Further limiting access to union election voters

Under current labor law, workers do not have equal access to information from employers and union representatives during a union election campaign. As noted earlier, employers can inundate workers with anti-union messages through captive audience meetings, one-on-one meetings with supervisors, and workplace emails or bulletins. Meanwhile, employers can keep union organizers out of the workplace so that organizers are unable to talk directly with employees on the job.

The Trump NLRB proposed a rule that would make it even harder for union organizers to communicate with workers. For over 50 years, the NLRB has required that an employer must provide a list of all employees eligible to vote in a union election. This list must include employee contact information. Originally, the NLRB required employers to provide the names and home addresses of all eligible voters.7 In 2014, the Obama NLRB amended this requirement to include available personal email addresses and available personal cell phone numbers. The Obama board concluded that access to employees’ more modern contact information simply modernized the long-standing requirement established in Excelsior Underwear, Inc, the 1966 NLRB case that affirmed the contact information requirement.

In July of this year, the Trump NLRB issued a proposed rule that would eliminate the mandatory disclosure of employees’ personal telephone numbers and email addresses during a union organizing campaign.8 The proposal ignores the reality of the dominant role electronic communication now plays and returns the voter list requirement to outdated means of communication, effectively depriving workers of information on workplace representation.

In addition, the Trump board issued a decision that deprived workers of the right to use their employer’s email system to communicate—on nonwork time—for NLRA-protected purposes. In Caesars Entertainment Corporation, the Trump board overturned the Obama board’s 2014 ruling in Purple Communications, which held that if an employer gives employees access to an email system, then it must allow them to use it to communicate with each other for statutorily protected purposes, unless it can demonstrate a justification for limiting use of the email system.9 In reaching its decision in the 2019 Caesars case, the Trump board ignored Supreme Court precedent and its statutory obligation to adapt the NLRA to changes in the workplace. The decision will make it more difficult for workers to communicate with each other about workplace issues.

Delegitimizing the results of union elections

When workers form a union, the union remains the bargaining representative unless and until it is voted out by employees. The union negotiates a collective bargaining agreement with the employer, and its status as the employees’ representative continues from contract to contract unless a valid and timely petition is filed challenging the union’s continued status as the choice of a majority of employees. There has long been a narrow exception in the law allowing employers claiming to have evidence that the union no longer has the support of a majority of employees to notify an incumbent union that the employer will be withdrawing recognition of the union at the end of the current collective bargaining agreement. However, if the union does in fact have the support of a majority of employees at the expiration of the contract and can prove it, it is against the law for the employer to withdraw recognition from the union. This long-standing rule makes sense: Employers should not be allowed to unilaterally withdraw recognition from a union that in fact has the support of a majority of employees at the time of withdrawal.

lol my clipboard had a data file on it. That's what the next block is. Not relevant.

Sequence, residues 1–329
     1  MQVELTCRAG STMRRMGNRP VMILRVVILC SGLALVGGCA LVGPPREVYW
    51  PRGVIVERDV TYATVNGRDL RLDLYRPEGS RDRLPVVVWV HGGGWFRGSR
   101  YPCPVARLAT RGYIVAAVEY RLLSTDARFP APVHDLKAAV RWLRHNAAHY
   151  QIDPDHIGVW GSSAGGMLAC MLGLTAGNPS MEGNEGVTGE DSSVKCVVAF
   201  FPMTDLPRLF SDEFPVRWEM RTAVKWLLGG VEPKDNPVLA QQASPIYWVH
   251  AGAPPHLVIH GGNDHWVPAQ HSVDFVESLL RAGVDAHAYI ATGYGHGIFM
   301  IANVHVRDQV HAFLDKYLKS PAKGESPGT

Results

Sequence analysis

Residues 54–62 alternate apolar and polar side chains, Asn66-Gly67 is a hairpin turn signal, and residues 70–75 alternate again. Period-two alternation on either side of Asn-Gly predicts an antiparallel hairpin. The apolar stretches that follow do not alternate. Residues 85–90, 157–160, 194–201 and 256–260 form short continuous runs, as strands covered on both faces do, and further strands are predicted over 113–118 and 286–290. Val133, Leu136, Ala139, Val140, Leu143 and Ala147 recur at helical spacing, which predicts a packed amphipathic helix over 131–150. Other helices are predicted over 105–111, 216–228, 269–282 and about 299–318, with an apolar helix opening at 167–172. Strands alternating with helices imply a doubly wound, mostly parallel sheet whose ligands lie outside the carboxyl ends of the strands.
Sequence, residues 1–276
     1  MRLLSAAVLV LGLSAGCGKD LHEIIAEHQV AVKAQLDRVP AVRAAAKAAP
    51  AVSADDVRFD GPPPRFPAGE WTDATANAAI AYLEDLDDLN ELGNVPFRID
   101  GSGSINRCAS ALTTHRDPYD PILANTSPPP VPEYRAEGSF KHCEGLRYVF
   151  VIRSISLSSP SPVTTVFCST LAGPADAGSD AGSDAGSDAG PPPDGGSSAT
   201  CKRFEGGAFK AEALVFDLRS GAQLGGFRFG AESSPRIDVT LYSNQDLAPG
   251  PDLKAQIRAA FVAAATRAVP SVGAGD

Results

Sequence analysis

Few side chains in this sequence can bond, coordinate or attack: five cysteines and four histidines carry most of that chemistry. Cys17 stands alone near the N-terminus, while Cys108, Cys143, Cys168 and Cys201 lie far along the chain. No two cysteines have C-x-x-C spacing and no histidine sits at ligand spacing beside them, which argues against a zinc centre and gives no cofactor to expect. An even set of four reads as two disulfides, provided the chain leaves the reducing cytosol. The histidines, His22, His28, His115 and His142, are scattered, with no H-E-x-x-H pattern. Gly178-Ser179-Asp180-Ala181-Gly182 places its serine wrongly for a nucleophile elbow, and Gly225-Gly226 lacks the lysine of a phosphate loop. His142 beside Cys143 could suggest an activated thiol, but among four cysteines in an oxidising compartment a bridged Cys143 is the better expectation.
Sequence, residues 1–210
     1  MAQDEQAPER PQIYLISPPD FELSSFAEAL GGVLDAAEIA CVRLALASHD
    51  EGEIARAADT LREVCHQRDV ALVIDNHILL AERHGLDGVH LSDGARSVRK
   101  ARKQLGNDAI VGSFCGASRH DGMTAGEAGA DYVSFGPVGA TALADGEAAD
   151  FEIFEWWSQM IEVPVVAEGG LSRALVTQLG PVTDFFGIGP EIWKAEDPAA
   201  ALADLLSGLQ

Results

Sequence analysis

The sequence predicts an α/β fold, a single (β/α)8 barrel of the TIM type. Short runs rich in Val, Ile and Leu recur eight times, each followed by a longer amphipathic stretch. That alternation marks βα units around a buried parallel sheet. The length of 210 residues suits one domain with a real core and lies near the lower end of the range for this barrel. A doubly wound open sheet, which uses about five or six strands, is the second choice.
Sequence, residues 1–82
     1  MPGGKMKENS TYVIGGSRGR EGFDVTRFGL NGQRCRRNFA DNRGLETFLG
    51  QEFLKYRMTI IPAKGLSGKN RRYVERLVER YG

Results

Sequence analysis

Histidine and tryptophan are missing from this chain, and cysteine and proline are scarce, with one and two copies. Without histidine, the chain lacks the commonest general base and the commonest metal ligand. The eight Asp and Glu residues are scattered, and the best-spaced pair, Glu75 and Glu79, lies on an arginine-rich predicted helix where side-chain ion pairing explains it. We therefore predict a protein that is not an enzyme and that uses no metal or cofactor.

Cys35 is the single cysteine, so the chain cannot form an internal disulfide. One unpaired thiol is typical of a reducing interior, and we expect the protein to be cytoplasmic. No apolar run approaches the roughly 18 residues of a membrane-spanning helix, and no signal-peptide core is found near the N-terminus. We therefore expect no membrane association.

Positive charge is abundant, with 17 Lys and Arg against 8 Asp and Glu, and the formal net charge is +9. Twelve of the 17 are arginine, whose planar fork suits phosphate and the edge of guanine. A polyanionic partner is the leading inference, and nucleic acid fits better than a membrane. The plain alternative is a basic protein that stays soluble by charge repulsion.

However, in Johnson Controls, Inc., 368 NLRB No. 20, the Trump board established a new rule—that employers are legally permitted to withdraw recognition at the conclusion of the collective bargaining agreement if they claim to have evidence that the union does not have majority support. If the union wants to get its status back, it must file a petition for a new election and prevail in that election. There is no reason to require a union and employees to go through the NLRB election process when the union still has majority support. Moreover, the rule sets up an imbalance in the law—the rule allows employers to withdraw recognition without an election, but employers can still, at the beginning of a bargaining relationship, insist on an election and refuse to recognize a union that has demonstrated it has majority support. This imbalanced, unjustified undermining of union status shows the anti-union, pro-employer bias of the Trump board. This decision merely serves to undermine the results of a union election.

Gerrymandering bargaining units to make them employer-friendly

One of the first decisions the Trump NLRB issued allowed employers to, again, essentially gerrymander the bargaining unit, making it easier for them to force workers into or out of the unit of eligible voters. The NLRA gives workers the right to organize in “a unit appropriate” for collective bargaining with the employer. When workers want to form a union, they file a petition with the NLRB seeking an election and they specify the group—the bargaining unit—that is organizing. The Obama NLRB ruled in Specialty Healthcare & Rehabilitation Center of Mobile, 357 NLRB 934 (2011), that the bargaining unit sought by employees when petitioning to form a union at their workplace was presumptively appropriate if the employees shared a “community of interest,” and that the NLRB would respect workers’ choice unless the employer made a compelling case as to why the bargaining unit was not appropriate.